An article in Salon magazine reports that Glenn Beck has started a training camp to indoctrinate incoming college students in fringe views of history. Working with pseudo-historian David Barton, Beck plans to hold a two-week, $375 per student camp to teach students a fundamentalist Christian version of American history so “they can then set their ignorant professors straight on the ‘real’ history of America.” Beck, as you will recall, is a Mormon who has used his media outlets to promote hyper-diffusionism and fringe history views about Mound Builders and other “mysteries” of ancient America in a bid to support the fantasies of the Book of Mormon. Barton believes that the Founders were fundamentalist Christians who ensconced creationism in America’s founding documents because they somehow intuited the theory of evolution and rejected it as ungodly before it had even been proposed. Both men prefer a version of history that places white men at the center of events. Beck’s camp seems to hit all the fringe history sweet spots: fundamentalism, anti-elitism, white nationalism, etc.
Meet the Russian Political Scientist Who Wants to Restore Proto-Indo-European Social Castes and Is a Darling of the Alt-Right
In a case of some fake chickens coming home to roost, the author of the 1980 book The Demonologist, a supposedly true-life account of Ed and Lorraine Warren’s paranormal investigations, is suing Warner Bros. for almost $1 billion, claiming that the Warrens had signed over their rights to the author in 1978 and Warner did not have legal permission to use their tales in The Conjuring and its sequels. Attorneys for the author, Gerald Brittle, further claim that Warner is wrong to alleged that the movies are exempt from copyright infringement because they are based on true events rather than the book about them since the Warrens made up their stories, which Brittle claims to have added to and embellished for the book. In short, the court case will include efforts to expose yet another long-running set of fringe claims as a big scam designed to fool audiences. There are no winners here. Brittle was, by his own account, complicit in what he admits to be the promotion of false claims (which he continues to advertise as real for profit), and his moral problem is that he wasn’t paid enough for lying.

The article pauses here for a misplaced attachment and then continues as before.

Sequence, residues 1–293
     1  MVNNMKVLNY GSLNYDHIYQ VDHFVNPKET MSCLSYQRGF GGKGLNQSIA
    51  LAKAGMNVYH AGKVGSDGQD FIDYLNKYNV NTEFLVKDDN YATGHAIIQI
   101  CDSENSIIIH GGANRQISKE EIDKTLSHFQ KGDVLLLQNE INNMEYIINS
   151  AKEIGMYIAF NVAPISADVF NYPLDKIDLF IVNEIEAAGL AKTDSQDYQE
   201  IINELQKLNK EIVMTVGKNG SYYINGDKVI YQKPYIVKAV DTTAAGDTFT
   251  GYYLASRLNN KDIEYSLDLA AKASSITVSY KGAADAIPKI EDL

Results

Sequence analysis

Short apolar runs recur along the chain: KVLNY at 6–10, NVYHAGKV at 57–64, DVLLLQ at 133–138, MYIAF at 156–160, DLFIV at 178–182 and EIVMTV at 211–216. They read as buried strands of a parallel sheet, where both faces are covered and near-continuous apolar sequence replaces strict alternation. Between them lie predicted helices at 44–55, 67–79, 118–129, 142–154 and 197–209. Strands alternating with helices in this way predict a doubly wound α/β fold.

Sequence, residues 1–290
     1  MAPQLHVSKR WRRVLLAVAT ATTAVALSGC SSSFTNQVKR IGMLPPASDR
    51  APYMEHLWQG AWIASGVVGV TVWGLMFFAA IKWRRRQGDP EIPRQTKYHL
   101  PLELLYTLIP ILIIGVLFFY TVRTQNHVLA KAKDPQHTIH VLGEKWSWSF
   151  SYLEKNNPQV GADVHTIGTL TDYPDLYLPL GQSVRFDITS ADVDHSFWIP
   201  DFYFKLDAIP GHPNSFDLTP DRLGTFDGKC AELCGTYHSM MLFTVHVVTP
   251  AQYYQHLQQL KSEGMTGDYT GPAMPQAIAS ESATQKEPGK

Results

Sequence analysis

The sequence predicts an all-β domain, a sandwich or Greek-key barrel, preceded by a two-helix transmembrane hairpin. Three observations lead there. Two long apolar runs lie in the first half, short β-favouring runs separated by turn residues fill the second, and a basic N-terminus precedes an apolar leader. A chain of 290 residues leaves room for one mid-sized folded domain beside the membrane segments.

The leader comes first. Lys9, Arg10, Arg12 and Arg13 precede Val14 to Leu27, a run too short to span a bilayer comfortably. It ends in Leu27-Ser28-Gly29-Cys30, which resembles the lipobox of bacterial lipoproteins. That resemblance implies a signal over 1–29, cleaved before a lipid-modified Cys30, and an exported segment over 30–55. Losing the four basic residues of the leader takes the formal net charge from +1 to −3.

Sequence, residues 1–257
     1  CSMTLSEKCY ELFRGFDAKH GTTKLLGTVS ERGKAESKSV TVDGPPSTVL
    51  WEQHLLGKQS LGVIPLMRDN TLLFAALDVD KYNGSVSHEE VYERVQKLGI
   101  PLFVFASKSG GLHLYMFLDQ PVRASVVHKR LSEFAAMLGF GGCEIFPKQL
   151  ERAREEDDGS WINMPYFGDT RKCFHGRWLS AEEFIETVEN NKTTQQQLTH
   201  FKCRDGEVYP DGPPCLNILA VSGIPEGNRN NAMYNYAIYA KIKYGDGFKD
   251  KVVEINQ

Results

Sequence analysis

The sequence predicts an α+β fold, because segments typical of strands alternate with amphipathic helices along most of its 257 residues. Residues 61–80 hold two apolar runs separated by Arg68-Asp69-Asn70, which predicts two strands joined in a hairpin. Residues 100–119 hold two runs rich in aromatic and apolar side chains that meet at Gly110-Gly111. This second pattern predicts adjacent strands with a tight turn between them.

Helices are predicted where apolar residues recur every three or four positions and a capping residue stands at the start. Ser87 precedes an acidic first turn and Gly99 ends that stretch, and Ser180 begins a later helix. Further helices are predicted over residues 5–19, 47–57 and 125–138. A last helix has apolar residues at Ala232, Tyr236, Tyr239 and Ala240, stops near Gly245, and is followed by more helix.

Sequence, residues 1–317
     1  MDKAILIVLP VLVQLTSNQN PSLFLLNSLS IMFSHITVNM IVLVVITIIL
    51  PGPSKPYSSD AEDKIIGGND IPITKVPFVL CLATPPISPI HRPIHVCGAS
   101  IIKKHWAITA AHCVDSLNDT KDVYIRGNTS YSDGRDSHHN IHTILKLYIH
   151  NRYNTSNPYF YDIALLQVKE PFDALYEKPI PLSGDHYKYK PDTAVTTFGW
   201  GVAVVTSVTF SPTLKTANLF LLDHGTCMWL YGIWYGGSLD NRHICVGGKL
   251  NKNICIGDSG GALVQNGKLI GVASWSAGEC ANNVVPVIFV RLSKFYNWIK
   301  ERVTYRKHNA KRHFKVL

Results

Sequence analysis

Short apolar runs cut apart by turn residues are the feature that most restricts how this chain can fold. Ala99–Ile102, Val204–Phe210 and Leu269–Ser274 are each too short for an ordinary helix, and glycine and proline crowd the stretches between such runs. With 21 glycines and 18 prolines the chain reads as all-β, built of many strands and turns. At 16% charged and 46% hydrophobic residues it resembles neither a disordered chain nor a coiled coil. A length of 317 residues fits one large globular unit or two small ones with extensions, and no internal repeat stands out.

Washington University in St. Louis publishes a magazine called The Ampersand, and last week it offered up an interesting article in which archaeologists from the school discussed the archaeological fantasies and hoaxes that lead the public astray. It should surprise no one that the leading bit of fake history was none other than the ancient astronaut theory. Among the other usual suspects were the lost continent of Atlantis, the myth of the Mound Builders, Indiana Jones, and Eurocentrism, or, in other words, the entire line up of cable TV “history” documentaries. I encourage you to read the whole thing, so here I will highlight one particularly interesting point.
Shaquille O'Neal Believes Europeans Colonized the Pre-Columbian Americas; Plus: Why So Much Time Travel on TV?
As reported on the Patheos blog, former basketball star Shaquille O’Neal, who holds a doctorate in education from Barry University, announced that he is a flat earth conspiracy theorist during his podcast this week, but what’s worse is that he also came out as a hyper-diffusionist who seems to have spent too much time watching cable TV “history” shows. He claimed that the Americas had already been colonized by white people long before Columbus reached the Caribbean: